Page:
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Abstract

This article explores ‘everyday’ or ‘vernacular’ conceptions of Muslims, Islam and their relationship to ‘British values’. Drawing on original data from focus groups in the East of England, it argues that the relationship is typically constructed around a series of binary pairings. Where Islam is held to be traditional, conservative, pious and outmoded, British values are seen as progressive, liberal, secular and modern. This opposition matters for three reasons. First, it is a contingent construction rather than reflection of realities; one that draws upon Orientalist tropes and militates against alternative ways of imagining this relationship. Second, it does important work at the vernacular level in explaining political dynamics, especially successful integration (because of British liberalism) and the failure thereof (because of Islam's traditionalism). Third, its predication on an essentialised claim of difference inflects even competing efforts to story the British values/Islam relationship which tend, we suggest, to reinforce the positioning of Muslims and their values as somehow beyond or external to Britishness.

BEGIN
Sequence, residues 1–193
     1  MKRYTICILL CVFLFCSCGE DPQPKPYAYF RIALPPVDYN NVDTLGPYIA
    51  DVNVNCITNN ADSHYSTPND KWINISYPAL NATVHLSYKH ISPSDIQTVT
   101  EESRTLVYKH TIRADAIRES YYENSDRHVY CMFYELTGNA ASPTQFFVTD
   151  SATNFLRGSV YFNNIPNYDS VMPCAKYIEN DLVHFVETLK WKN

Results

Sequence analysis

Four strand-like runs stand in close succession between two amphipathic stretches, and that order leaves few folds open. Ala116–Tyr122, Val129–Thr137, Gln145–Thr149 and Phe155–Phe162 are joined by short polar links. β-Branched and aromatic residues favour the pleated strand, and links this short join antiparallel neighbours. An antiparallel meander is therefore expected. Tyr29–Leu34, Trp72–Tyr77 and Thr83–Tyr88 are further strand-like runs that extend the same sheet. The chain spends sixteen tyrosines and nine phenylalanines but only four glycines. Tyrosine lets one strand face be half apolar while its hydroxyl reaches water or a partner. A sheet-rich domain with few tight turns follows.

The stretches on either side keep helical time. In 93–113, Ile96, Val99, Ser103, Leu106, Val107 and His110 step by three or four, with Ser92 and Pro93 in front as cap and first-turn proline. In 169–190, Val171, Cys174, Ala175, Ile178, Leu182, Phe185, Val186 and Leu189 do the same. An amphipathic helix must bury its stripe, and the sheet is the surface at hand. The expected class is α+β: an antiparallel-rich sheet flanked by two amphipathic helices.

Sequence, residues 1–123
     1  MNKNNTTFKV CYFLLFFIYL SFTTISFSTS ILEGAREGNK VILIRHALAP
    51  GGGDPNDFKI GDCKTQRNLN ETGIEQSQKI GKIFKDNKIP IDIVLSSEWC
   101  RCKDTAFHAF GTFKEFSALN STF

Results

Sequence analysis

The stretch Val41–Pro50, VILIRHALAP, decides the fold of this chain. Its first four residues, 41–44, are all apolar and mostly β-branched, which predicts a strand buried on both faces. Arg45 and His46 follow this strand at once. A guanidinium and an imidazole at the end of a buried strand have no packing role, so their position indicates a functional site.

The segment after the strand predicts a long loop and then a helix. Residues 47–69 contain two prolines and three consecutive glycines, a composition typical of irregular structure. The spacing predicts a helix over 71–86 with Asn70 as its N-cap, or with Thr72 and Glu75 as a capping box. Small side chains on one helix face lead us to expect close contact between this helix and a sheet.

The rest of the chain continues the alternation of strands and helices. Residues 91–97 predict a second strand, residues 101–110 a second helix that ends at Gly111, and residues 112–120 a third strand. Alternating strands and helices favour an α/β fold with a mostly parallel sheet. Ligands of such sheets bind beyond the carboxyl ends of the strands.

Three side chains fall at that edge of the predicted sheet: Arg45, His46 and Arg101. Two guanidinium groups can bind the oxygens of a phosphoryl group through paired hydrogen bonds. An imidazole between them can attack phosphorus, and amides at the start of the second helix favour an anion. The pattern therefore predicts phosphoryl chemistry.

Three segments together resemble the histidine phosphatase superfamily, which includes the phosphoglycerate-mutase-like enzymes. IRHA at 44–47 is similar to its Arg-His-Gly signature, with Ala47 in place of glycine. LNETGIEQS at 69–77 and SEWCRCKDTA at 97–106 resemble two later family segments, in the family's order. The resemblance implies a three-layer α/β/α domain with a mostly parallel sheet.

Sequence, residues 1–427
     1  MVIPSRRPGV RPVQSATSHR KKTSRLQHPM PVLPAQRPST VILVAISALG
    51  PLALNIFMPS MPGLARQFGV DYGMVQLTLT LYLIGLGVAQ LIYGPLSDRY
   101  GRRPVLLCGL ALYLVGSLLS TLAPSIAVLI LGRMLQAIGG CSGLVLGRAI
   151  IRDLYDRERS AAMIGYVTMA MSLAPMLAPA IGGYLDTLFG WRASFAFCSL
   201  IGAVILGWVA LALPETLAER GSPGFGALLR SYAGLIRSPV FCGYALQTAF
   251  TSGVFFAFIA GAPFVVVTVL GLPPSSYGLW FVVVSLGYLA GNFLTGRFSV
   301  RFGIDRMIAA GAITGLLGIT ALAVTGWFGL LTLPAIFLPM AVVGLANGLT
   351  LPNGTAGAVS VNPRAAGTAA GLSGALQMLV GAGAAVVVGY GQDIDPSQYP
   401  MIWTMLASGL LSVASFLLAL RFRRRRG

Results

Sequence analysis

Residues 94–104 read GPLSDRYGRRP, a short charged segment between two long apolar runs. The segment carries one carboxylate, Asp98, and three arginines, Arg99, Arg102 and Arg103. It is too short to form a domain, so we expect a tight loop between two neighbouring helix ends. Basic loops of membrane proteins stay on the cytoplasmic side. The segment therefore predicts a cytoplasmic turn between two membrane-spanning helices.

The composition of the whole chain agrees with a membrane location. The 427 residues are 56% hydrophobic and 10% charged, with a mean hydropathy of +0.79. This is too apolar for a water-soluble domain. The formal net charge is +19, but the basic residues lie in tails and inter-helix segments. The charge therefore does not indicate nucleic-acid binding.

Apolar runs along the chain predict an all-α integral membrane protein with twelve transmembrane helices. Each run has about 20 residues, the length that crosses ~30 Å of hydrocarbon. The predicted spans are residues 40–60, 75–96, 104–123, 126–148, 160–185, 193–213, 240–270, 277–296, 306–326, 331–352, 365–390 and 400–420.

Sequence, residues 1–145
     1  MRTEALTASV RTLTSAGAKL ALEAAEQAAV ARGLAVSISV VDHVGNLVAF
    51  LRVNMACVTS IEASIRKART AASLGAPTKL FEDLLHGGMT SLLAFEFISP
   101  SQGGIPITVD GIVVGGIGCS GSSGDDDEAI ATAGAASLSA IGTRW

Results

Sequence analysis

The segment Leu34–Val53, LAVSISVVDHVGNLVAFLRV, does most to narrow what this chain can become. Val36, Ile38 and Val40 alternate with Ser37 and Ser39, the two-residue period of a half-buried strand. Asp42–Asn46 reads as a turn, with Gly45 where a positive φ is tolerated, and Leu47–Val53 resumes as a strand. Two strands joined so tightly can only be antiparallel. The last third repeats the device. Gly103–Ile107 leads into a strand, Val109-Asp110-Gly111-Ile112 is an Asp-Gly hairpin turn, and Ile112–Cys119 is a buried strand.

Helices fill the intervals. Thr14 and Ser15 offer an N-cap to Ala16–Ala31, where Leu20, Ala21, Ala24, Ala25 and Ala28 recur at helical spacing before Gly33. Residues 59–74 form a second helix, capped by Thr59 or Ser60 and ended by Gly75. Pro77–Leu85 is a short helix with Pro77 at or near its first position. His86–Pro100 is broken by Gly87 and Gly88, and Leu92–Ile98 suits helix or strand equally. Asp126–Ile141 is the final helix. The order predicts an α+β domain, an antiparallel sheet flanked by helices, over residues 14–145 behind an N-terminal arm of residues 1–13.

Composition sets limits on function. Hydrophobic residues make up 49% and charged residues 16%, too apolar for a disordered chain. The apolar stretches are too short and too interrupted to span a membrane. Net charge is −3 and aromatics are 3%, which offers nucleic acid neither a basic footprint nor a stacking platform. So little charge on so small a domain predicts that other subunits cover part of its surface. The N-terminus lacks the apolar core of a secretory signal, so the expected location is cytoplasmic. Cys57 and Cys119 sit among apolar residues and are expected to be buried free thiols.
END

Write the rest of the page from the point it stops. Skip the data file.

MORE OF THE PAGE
Original languageEnglish
Pages (from-to)229-245
Number of pages17
JournalNations and Nationalism
Volume29
Issue number1
Early online date15 May 2022
DOIs
Publication statusPublished - Jan 2023

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